ART ATTACK; Choice Selection: Damien Hirst's Limited-Edition Spot Print (Top), and Works by (from Left) Jake and Dinos Chapman, Jonathan Yeo and Natasha Law
Byline: ALICE BB
LAST week's contemporary art sale at Sotheby's smashed all Europeanrecords, making a whopping [pounds sterling]95million.
Despite the shakiness of other markets, and gloom-mongers forecastingrecession, the contemporary art market is boomingand it is not just serious collectors who are buying into the trend. Forfashionistas, buying a 'hot' artist's work is much like obtaining the latestmust-have Prada handbag or a couture dress: it is all about procuring somethingbeautiful and rare which will be the envy of your friends, with the addedbenefit of being an investment piece.
'Iconic pictures by well-known artists are making more than ever,' says HenryWyndham, chairman of Sotheby's. 'People see it as a more solid place to puttheir money.'
Indeed non-doms (wealthy foreigners who live in the UK but say their home, ordomicile, is elsewhere), Russians who made a killing on the energy industry andcelebrities including Claudia Schiffer and Brangelina are all collecting likemad, buying into blue-chip names including Warhol, Freud and Bacon.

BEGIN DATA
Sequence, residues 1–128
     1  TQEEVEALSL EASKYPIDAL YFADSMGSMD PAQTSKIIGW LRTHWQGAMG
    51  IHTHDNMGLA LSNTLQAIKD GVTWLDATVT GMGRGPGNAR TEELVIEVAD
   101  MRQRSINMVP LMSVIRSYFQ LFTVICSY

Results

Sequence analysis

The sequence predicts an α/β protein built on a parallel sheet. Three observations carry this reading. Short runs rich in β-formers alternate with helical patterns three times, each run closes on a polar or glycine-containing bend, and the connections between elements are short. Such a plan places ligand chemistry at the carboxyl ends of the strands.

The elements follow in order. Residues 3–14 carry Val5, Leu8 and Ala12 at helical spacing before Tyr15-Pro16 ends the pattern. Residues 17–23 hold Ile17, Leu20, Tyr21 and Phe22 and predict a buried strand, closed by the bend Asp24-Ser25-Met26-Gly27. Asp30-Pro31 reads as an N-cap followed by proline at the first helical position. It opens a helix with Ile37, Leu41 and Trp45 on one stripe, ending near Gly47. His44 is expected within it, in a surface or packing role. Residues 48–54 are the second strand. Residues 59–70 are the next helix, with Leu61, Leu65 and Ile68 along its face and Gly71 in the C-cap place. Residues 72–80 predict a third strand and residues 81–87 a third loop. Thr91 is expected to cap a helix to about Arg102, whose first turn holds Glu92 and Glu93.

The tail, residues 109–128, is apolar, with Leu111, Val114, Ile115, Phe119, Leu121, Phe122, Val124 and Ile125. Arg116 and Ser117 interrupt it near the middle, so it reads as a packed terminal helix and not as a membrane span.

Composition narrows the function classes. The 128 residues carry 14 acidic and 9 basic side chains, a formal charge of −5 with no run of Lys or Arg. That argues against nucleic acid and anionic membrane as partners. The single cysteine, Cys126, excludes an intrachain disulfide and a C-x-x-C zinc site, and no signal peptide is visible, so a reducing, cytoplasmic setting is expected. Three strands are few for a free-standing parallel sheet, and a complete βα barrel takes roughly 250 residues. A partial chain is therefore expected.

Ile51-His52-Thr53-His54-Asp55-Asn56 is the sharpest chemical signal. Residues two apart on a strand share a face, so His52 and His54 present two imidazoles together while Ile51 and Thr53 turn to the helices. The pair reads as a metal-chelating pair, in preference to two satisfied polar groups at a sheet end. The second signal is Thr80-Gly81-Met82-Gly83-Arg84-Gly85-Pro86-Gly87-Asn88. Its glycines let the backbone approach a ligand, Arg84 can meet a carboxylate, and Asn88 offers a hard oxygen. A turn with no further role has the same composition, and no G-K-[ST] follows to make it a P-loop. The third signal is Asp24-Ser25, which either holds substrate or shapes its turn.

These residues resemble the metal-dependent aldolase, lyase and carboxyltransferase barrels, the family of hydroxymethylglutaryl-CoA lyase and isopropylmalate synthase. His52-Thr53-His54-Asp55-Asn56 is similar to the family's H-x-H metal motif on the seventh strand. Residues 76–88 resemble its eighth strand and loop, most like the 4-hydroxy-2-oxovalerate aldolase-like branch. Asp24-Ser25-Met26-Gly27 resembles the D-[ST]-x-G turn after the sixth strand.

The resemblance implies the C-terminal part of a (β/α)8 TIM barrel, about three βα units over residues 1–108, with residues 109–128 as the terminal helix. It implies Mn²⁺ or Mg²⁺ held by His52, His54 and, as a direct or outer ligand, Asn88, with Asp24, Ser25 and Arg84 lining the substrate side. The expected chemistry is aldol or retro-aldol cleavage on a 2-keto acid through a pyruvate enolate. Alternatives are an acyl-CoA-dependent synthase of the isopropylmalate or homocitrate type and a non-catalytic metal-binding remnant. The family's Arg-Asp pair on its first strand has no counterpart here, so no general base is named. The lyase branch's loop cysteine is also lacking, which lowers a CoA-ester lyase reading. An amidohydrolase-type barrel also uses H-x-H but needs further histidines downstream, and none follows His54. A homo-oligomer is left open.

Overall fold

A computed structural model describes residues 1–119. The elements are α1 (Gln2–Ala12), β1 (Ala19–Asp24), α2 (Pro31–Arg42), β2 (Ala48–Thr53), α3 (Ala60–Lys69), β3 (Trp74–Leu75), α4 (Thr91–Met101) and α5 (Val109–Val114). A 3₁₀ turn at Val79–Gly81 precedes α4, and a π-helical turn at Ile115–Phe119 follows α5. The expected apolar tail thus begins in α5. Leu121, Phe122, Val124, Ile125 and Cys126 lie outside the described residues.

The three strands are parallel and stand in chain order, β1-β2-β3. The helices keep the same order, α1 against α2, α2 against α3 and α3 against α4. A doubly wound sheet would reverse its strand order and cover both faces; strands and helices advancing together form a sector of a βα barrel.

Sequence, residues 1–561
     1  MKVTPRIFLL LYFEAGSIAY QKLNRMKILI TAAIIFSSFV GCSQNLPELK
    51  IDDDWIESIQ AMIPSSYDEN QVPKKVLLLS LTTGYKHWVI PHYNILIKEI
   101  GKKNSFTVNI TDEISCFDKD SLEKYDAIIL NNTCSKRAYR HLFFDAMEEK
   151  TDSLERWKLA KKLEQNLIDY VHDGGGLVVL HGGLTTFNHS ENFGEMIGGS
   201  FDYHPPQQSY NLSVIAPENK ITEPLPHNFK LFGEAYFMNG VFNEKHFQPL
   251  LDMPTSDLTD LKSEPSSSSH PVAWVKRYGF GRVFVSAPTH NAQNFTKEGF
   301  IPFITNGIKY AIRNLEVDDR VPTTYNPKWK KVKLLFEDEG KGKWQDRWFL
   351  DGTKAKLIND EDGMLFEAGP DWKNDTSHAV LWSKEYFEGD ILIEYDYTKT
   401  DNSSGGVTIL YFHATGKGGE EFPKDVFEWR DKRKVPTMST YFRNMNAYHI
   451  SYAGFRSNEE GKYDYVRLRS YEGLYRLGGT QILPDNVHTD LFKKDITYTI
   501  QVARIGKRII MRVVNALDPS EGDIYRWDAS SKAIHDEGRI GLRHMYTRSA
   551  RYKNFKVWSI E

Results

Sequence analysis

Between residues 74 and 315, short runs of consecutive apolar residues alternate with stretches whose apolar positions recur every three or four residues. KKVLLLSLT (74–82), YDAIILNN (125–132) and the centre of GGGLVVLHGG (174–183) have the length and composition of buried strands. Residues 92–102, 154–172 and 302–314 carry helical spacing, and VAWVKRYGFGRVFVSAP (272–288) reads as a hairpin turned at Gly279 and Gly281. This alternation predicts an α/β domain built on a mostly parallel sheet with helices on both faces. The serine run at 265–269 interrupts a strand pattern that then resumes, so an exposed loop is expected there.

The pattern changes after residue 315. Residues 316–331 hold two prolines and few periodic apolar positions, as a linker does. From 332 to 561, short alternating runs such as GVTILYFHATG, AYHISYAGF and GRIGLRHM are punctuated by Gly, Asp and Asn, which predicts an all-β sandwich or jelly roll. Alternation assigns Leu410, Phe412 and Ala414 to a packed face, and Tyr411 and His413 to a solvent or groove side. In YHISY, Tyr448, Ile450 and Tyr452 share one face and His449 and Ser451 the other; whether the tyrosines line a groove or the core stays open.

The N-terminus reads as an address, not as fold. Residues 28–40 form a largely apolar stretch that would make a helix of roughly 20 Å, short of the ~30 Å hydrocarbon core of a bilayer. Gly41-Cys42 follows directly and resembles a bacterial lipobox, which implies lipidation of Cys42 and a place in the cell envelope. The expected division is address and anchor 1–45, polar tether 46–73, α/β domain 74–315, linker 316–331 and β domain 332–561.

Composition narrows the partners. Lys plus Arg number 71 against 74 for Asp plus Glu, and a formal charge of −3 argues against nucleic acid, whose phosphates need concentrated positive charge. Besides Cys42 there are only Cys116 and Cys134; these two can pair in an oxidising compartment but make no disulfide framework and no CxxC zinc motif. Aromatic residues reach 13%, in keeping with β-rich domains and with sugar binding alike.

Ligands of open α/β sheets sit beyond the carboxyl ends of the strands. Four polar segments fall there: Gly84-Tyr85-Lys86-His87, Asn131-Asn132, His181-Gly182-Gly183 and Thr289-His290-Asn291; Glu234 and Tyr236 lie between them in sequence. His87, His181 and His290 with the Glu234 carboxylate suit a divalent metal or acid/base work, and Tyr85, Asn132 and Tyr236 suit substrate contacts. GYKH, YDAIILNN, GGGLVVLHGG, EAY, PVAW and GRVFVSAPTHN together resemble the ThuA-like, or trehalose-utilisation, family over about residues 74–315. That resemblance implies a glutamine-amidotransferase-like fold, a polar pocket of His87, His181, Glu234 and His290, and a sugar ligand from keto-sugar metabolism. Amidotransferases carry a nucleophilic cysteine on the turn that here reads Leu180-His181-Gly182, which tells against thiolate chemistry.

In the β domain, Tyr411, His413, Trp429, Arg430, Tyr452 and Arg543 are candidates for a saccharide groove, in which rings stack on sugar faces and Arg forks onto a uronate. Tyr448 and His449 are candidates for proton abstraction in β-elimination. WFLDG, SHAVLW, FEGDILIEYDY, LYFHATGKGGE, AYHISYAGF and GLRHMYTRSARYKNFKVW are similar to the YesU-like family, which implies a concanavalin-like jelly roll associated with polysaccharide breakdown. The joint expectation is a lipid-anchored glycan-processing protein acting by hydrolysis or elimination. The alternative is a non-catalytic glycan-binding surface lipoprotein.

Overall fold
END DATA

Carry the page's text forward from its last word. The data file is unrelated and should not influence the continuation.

The brilliantly marketed Young British Artists (YBAs)Damien Hirst, Gary Hume and Tracey Eminhave all grown up, and so have their prices. But buying big-name contemporaryart isn't exclusively a rich man's game. .
Eleven Fine Art, a Belgraviabased gallery, opened a show last week entitledPrinted Matter. Many of the original YBAs are represented, including Hirst,Hume and Jake and Dinos Chapman. But amazingly the most expensive piece in thewhole show costs just [pounds sterling]9,500 a spot picture by Hirst.
'If this was a unique Damien Hirst painting on canvas, then you wouldn't getmuch change out of three-quarters of a million dollars,' says Charlie Phillips,the groovy spectacled owner of Eleven Fine Art. 'But this picture costs just afraction of that because it's a silk-screen print and an edition of 75.'
In other words, it's like buying off-the peg Dior as opposed to couture. Sure,you're not the only person in the world with that exact dress, but at leastyou're getting a slice of the John Galliano action.
Also showing is a print of a lioness by Olli and Suzi for a bargain [pounds sterling]200, and ascreenprint portrait of George W. Bush by Jonathan Yeo. 'I wanted it to looklike a painting from afar,' says Yeo. 'It's not until you get up close that yourealise George's face is a print of a collage made from tornup scraps fromsmutty magazines.'
The picture is a two-fingered response to the Bush Library in Texas, which lastyear backed out of commissioning Yeo to paint a portrait of the President. Theprint is an edition of 150 and is selling for just [pounds sterling]1,500, whereas Yeo'soriginal collages (he has a sale coming up this summer) cost from [pounds sterling]10,000 to[pounds sterling]30,000, and his portraits go for up to [pounds sterling]40,000. …